★★★★ / ★★★★
Chris Taylor (Charlie Sheen) signed up to be a soldier because he felt like participating in a war was a family legacy since his grandfather and father fought the wars of their generations. Being a new soldier, he looked up to two people who had higher ranks: Sgt. Elias (Willem Dafoe) and Sgt. Barnes (Tom Berenger). The former represented composure, control and ethics despite the craziness of war, while the latter embodied the evil, darkness, and cruelty. I thought this movie was going to be another one of those war classics that was overly long. I was quickly proven wrong because of the number of scenes that highlighted the silence and all we could hear was the rustling of the leaves as the soldiers slithered their way through the jungle. I also didn’t expect a lot of character development because war pictures often focus their energy on the epic battle sequences. The narration worked for me because the thoughts and insights that Sheen’s character was unable to talk about with his comrades was out in the open for the audiences. There was a real sensitivity to his character; the real turning point for me when I decided that I was going to root for his character was when he proudly wore his naïveté on his sleeves regarding one of the reasons why he volunteered to be a soldier. He reasoned that that the rich always got away from all the dirty work and he felt that he shouldn’t be anyone special just because he was born with money. Also, since he felt like he wasn’t learning anything in college, essentially, he might as well make himself useful by joining the army. Scenes like those when the characters were just talking and measuring each other up really fascinated me and I was interested in what ways they would change by the end of the picture. Oliver Stone, the director, helmed a war film that had an internal mologue mixed with moral ambiguities instead of taking the easier route of simply entertaining the viewers with empty explosions and guts being flung into the air. “Platoon” was gorgeously shot in the Philippines and the night scenes really captured the horror of the enemies blending into the environment. Lastly, it was interesting to see future stars such as the younger Johnny Depp, Kevin Dillon, and Forest Whitaker. “Platoon” ranks among other unforgettable war pictures such as “Apocalypse Now” and “Full Metal Jacket.”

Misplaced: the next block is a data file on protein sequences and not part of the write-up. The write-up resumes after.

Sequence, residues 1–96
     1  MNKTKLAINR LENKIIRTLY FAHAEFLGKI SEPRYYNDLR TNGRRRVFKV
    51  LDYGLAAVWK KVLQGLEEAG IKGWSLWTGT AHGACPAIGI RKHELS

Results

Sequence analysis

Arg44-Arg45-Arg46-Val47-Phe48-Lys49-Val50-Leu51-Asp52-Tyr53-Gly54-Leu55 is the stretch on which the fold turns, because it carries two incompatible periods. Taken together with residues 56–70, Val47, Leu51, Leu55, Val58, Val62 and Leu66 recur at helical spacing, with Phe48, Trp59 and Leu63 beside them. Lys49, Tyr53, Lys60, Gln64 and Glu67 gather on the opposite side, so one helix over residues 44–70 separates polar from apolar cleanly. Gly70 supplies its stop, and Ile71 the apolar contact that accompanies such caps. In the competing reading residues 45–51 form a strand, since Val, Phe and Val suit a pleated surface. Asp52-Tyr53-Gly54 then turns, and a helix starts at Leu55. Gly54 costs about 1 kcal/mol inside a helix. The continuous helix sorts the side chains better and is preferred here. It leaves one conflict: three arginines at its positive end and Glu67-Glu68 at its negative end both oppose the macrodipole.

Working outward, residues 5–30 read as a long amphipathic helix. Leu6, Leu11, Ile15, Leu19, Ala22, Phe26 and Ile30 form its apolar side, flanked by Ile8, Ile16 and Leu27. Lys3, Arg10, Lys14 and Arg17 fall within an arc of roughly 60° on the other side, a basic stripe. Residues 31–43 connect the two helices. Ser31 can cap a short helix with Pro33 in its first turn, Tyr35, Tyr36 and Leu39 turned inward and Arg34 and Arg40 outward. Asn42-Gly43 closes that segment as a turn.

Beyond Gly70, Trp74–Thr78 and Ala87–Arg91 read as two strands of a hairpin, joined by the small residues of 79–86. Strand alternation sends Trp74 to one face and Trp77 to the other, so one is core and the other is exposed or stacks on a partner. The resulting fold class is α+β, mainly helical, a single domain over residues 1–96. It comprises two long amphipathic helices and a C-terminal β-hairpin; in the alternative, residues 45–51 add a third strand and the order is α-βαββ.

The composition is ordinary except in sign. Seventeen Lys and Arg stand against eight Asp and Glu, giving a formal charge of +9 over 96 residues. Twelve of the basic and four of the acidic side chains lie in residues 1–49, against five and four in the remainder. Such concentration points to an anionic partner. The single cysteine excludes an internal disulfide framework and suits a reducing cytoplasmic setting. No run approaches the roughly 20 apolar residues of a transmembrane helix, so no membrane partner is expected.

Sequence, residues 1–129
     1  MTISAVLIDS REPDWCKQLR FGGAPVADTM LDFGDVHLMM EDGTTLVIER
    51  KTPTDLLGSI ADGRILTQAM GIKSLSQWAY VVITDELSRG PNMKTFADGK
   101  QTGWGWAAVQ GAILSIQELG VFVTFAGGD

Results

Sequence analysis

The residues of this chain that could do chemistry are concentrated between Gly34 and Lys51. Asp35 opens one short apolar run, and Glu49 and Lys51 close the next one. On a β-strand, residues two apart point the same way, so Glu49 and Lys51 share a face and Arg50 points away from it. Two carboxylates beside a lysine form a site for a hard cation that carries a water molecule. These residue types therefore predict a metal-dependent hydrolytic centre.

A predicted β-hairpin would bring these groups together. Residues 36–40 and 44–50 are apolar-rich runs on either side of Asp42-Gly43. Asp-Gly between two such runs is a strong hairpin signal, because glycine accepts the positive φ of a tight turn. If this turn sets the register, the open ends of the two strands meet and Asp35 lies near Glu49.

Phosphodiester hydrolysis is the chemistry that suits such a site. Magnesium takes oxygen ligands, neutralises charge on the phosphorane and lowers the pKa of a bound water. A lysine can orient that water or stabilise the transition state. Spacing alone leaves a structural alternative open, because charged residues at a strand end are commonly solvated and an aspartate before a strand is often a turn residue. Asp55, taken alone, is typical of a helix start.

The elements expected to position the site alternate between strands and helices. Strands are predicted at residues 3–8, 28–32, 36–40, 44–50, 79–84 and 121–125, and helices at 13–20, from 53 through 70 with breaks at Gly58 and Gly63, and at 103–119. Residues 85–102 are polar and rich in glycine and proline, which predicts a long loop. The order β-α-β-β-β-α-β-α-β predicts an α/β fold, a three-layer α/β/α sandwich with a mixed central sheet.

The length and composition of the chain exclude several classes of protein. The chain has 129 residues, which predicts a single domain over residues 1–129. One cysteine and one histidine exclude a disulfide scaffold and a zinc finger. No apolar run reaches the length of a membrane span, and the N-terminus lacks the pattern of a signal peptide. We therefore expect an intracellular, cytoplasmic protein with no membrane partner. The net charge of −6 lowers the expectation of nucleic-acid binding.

★★★ / ★★★★